Scientific data, knowledge and understanding are the foundation of informed decisions.
Does your project require scientific input?
Challenging Habitat assists lay persons in accessing scientific insights through consultancy tailored to the needs of individuals and organisations. This could include research, data visualisation and analysis, presentations, workshops, fieldwork and communication, coordination and connections with the scientific community.
Example Science for the Public: Arsenic Health Risk on UNESCO World Heritage Site
As a scientist, I contribute to research that is published in peer-reviewed scientific journals. These articles are intended for the expert audience and use specialist terminology that is not necessarily accessible to a lay audience. Many of these articles are also not free to access, and the scientific community largely relies on costly subscriptions by the institutions, they work for.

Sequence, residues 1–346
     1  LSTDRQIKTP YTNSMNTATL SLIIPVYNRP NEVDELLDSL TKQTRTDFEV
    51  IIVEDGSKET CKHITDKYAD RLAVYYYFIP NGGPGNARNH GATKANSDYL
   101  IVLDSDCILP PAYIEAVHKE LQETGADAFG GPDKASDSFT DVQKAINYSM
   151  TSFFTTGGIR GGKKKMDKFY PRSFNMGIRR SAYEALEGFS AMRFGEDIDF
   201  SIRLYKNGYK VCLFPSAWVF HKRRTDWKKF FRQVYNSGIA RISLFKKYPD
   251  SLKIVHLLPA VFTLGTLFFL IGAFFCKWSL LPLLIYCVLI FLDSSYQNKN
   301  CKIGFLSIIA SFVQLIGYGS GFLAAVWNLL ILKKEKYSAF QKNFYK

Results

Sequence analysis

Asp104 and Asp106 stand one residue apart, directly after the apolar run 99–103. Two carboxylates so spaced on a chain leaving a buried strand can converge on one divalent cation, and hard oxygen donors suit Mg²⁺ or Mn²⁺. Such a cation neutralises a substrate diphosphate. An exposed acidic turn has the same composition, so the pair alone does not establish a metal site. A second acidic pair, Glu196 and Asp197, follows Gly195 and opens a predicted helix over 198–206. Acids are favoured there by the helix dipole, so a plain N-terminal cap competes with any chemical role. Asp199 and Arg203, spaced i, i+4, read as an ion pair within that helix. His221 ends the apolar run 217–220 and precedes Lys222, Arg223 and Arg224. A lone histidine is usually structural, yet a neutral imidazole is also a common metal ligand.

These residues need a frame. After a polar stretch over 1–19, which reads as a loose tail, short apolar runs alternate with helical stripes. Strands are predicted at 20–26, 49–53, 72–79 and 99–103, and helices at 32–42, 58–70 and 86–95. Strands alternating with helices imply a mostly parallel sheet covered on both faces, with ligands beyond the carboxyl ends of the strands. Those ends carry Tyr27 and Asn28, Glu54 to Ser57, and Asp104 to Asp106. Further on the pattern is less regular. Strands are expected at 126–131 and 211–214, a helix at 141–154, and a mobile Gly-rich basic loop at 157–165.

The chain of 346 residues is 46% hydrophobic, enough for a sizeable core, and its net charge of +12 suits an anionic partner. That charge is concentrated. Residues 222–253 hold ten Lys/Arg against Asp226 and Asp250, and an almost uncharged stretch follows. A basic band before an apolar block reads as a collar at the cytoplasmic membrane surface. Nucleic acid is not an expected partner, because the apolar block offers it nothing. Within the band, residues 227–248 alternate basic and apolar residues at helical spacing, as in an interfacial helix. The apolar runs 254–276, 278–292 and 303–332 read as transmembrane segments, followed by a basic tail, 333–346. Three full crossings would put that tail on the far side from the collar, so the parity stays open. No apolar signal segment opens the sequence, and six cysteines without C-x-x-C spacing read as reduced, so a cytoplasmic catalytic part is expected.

In 2020, I published the paper ‘Arsenic concentrations, distributions and bioaccessibilities at a UNESCO World Heritage Site (Devon Great Consols, Cornwall and West Devon Mining Landscape)‘. You could be forgiven for thinking that this is a bit of a mouth-full. My co-authors included my university colleagues Dr Andrew Turner and James Quinn, and some of the data were produced by two of our MSc students for their dissertations.
The contamination of land and water associated with abandoned metal mines has been the focus of my research for over 20 years and at the time of publication, I used my personal Challenging Habitat Blog to make this story accessible to a broader audience, as I think it is of interest. You can search for ‘arsenic’ on my blog and find a series of related posts.
Bringing science to a wider audience is important and can be achieved through communication, citizen science or education.